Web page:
Adopting Again After Loss: Learning From Animals How to Love Again After Loss
I spoke on the topic of “Adopting Again After Loss” at the 2015 Pet Memorial Sunday ceremony hosted by Chartiers Custom Pet Cremation. This is the transcript of my presentation.
In past years here I’ve spoken about my own experiences with the still-remembered losses my household of felines ranging in age from 15 months to 25 years, and of rescued cats through the decades who I fostered who were with me only weeks or months but who readily came to trust and love me and others despite their injuries , trauma, abandonment or loss.
I take my lesson from these rescued animals for us today as we consider bringing another animal companion into our lives. When we think of adopting, we think of ourselves first, and that’s natural because we haven’t met our match yet, and we are the only part of the partnership we know just then. In grieving, we may decide that finding another animal companion would only bring pain as we feel we are betraying the one we’ve lost and the idea of getting to know another companion only to lose them too someday seems hopeless.
But that adoption, and the resulting relationship, is a two-way street, and both sides come into this relationship with their own baggage. Remember that those animals , no matter where they come from, are also suffering a loss, whether they are leaving a happy home or they’ve been directly rescued from abuse or abandonment, and they may still be grieving that loss. You too are a stranger to them, possibly seen as a source of pain and fear or you are simply unknown, a stranger, and they leave a life they know, even if it isn’t perfect or even safe and fulfilling, for something completely unfamiliar. And we expect them to accept this deal, and learn to love and trust us.
And most of the time they do. One of the kittens I fostered last year, Smokie now named Basil, was rescued with a sibling at five weeks, fostered and cared for to socialize until they were ready for adoption, and though the sibling came along fine and found a forever home, 14-week-old Basil was still so fearful he couldn’t go out on the adoption floor at the shelter and was considered unadoptable, and in the middle of August, the busiest month of the year at the shelter with dozens, sometimes over a hundred, animals surrendered each day, with legal limits on the numbers of animals they could hold, there was no room for a kitten who was too frightened to face the public. You know what his fate would have been. I was asked if I could give him a chance and see if he could be socialized for adoption. I had the room and would be glad to give the little guy an opportunity.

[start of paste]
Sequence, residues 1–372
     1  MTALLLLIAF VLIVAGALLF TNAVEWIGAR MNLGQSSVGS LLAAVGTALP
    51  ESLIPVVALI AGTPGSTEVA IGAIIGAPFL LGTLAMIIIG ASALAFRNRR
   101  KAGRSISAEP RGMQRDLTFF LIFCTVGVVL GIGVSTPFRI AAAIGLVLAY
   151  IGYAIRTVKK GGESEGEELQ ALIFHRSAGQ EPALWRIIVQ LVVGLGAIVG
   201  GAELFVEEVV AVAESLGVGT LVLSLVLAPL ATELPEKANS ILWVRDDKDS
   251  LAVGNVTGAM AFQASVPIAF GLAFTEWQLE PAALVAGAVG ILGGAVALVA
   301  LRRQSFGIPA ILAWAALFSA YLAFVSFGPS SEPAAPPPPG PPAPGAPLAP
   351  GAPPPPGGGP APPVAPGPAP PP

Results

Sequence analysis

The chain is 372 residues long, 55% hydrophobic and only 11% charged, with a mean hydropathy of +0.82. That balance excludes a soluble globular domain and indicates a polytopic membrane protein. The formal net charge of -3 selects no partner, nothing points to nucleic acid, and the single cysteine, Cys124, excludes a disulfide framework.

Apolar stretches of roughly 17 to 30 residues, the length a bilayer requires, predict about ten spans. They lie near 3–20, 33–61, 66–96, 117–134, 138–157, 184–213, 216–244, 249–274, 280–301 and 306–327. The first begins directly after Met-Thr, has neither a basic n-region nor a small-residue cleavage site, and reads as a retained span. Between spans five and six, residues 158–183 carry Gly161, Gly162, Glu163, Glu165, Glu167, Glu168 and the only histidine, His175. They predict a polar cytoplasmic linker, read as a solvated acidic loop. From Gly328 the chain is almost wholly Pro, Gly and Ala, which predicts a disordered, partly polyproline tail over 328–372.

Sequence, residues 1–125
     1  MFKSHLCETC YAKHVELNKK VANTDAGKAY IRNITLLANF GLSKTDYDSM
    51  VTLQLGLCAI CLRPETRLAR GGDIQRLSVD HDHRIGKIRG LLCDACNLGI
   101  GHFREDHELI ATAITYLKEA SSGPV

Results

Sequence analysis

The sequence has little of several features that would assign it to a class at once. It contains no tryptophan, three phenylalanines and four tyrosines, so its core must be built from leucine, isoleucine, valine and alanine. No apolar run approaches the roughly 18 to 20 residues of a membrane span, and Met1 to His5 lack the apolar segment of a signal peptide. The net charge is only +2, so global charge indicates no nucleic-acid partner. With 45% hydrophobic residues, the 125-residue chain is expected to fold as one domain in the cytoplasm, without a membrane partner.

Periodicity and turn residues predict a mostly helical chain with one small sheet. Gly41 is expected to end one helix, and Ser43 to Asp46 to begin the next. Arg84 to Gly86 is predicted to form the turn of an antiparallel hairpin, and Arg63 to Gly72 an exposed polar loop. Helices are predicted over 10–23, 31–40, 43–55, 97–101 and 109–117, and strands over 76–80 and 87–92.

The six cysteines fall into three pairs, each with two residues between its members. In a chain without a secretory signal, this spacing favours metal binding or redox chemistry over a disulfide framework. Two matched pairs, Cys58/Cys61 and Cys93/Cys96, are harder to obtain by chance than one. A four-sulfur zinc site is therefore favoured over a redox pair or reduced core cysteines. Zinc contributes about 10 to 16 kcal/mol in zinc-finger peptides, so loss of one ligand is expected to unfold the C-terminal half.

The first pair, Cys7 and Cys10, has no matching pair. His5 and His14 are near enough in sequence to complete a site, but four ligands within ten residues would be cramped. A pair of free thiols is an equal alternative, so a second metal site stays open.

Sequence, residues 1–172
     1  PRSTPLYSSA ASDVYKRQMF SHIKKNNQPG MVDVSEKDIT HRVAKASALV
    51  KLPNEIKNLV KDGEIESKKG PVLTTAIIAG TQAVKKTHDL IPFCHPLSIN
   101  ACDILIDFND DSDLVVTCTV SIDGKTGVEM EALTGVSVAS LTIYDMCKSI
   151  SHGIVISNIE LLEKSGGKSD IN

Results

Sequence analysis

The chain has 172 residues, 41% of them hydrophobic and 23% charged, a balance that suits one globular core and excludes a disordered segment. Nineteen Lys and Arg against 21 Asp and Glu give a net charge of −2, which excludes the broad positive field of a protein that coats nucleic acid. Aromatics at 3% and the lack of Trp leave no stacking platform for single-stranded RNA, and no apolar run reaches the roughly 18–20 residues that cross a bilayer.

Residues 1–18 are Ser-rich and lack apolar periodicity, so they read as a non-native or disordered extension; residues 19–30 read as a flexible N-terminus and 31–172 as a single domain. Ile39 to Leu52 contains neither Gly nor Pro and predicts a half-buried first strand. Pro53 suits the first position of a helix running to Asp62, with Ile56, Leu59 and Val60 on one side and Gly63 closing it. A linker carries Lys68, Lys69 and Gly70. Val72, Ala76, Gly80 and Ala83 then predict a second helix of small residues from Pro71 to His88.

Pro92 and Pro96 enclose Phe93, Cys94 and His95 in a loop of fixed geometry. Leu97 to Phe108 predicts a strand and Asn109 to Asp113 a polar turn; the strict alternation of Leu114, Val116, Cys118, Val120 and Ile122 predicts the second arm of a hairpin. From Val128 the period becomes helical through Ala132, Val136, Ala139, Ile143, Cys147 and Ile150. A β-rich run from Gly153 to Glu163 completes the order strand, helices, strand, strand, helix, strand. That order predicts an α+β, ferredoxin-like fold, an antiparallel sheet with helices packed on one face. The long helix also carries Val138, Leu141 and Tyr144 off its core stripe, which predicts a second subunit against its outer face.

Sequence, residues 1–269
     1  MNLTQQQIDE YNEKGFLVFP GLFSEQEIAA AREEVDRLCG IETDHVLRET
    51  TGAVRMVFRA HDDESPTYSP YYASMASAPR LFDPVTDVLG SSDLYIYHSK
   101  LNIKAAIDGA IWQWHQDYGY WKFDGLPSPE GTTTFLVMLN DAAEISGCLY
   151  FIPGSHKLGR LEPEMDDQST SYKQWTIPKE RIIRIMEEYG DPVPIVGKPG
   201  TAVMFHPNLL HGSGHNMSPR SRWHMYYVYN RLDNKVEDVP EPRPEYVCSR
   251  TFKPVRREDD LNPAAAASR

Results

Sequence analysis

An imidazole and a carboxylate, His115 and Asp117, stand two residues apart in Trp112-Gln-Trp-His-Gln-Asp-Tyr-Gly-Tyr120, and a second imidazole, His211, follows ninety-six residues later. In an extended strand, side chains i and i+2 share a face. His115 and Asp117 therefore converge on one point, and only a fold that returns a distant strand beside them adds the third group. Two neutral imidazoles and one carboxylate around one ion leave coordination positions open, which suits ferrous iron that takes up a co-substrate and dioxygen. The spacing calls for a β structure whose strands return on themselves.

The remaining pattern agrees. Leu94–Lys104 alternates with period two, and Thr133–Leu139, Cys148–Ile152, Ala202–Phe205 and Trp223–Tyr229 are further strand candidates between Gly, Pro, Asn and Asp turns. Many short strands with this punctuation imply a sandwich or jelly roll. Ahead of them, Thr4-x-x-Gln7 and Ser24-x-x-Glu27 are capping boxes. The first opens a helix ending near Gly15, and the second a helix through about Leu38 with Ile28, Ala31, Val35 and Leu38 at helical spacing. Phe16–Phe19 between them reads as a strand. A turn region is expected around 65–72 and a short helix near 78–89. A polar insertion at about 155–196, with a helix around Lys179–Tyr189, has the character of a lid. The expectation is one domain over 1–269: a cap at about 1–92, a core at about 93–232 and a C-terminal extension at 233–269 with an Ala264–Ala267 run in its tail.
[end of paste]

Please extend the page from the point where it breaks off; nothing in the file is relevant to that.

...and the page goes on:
He was frozen in his little carrier, plastered in the back, a black kitten in the dark, just huge round terrified eyes. He wouldn’t even come out to eat for two days, but with time and patience, day by day, he left a little more of his fears behind, quit hiding from me, let me touch him, pet him, brush him, pick him up, and started to play and talk to me and greet me at the door each morning, and was totally curious about the ninjas he could see outside the bathroom door. He greeted visitors with increasing confidence and love.
Last year on Pet Memorial Sunday I had a different presentation planned. That morning, only two-and-one-half weeks after he’d come to me, a terrified kitten at risk of death, I picked Basil up, warm and soft and purring and cuddled him in my arms while he reached up to tap his nose against mine and touch my face with his paw, then fell back with his long legs and big kitten paws tangled in the air and his fluffy tail fell over his face. Looking at that little face with blinky eyes and paws in a tangle I thought, it’s a miracle, you were going to die two-and-one-half weeks ago because you could not let go of your fear to trust and love, and now you’re ready for a long happy life, expecting love and affection all the way. That’s when I knew what I would say for my presentation today.
If that little kitten could let go of his fears and not only trust me but love me and everyone else he met, if all the other fosters could leave behind whatever horrible trauma they’d suffered, their pain and abandonment, surely we can set aside our pain and grief, meet them in the middle and love again?